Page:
Plaintiffs attorneys oppose BP’s effort to halt Gulf spill payments

Attorneys for victims of the 2010 Gulf of Mexico oil spill oppose BP’s request to suspend all payments from a multibillion dollar civil settlement, saying in a court filing Thursday there is no evidence the overall processing of claims has been corrupted.

The lead attorneys for a steering committee that negotiated the settlement with BP on behalf of thousands of victims said in the filing in federal court in New Orleans that BP has not identified a single claim that it contends was tainted or otherwise affected by an alleged conflict of interest involving a lawyer who used to work for the settlement program.

“And because BP retains the right to appeal any and all such determinations if any – as well as policy interpretations with which BP might disagree, there cannot be irreparable harm nor, indeed, any harm,” attorneys Stephen Herman and James Roy said in the filing.

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They said that based on the existing record, allegations involving the former staffer appear to represent a limited and isolated situation, to which the claims administrator immediately and appropriately responded.

“There is no evidence that any policy was wrongfully implemented or any claim wrongfully paid,” the plaintiffs attorneys said.

They said BP should place faith in the court and an independent investigation ordered by U.S. District Judge Carl Barbier, rather than seek to enjoin “potentially thousands of transparent, objective and appropriate awards that BP has not identified or challenged as improper under the settlement agreement.”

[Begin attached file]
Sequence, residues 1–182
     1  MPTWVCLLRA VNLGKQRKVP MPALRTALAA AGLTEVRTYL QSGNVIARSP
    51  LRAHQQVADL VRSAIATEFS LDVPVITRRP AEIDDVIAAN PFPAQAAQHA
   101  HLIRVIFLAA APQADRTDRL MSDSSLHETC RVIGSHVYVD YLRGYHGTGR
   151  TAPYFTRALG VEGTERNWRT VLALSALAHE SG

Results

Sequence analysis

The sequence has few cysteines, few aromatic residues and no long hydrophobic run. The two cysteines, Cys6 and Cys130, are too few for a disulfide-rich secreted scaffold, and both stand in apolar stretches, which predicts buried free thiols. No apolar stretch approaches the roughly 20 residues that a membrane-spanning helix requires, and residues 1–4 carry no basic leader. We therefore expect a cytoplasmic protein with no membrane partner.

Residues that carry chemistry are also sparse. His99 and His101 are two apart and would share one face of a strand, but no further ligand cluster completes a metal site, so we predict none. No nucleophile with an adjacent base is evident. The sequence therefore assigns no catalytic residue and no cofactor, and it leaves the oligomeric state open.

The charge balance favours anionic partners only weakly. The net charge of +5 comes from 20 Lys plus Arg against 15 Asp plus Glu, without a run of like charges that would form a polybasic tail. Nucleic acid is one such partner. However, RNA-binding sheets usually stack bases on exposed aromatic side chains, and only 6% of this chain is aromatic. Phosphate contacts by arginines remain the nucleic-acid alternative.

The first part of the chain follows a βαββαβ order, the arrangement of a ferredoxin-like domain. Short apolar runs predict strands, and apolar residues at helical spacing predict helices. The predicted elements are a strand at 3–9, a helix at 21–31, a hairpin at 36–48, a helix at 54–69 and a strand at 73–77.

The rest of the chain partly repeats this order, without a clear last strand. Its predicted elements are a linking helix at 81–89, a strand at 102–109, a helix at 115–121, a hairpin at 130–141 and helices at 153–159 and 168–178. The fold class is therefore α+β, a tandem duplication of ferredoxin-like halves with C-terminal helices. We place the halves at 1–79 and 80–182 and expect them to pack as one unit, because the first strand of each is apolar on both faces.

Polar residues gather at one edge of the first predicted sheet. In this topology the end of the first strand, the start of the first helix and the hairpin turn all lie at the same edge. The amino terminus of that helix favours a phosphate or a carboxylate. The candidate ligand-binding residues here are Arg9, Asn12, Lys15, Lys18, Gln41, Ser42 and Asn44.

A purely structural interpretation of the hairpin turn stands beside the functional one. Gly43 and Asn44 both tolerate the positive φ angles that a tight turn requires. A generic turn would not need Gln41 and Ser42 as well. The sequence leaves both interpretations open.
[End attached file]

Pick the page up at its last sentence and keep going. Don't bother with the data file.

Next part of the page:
Barbier has scheduled a hearing for Friday on BP’s request earlier this week for an injunction to block all further payments from the settlement until former FBI Director Louis Freeh completes his probe of the administrator’s office.

So far, claims administrator Patrick Juneau has offered about $4 billion to victims of the disaster off Louisiana.

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BP claims that two of the three senior legal counsel to Juneau’s office were fired recently after apparently intervening in the processing of claims in which they appear to have had a financial stake. It appears from BP’s filing that the company is referring mainly to allegations already known to the court and contained in an internal report by Juneau’s security staff. The two attorneys are married.

BP says that because those individuals were in a position to influence nearly every policy decision or claim determination by the settlement program, there is a risk that other aspects of the claims process have been compromised.

Juneau’s attorney said in a court filing Thursday that BP’s request to halt payments from the settlement is unnecessary, based on premature speculation and “completely overbroad in its scope.”

The attorney noted that Juneau already has placed on hold those claims with any remote connection to the parties under investigation.

“To support its motion, BP draws wholly unwarranted conclusions and inferences related to the issues being investigated, and then asks the court to conclude summarily that BP’s negative theories will likely carry the day, before Special Master Freeh has spoken a word,” Juneau’s attorney, Jennifer Thornton, said.

She added, “The presumption is even more specious when one considers that, with respect to the overwhelming number of claims that would be halted, there is simply no proof whatsoever that such claims were in any way associated with, much less affected by, any person whose conduct generated the investigation ordered by the court.

Juneau has previously said he will continue to administer settlement payments as he has been until he is told otherwise by the court.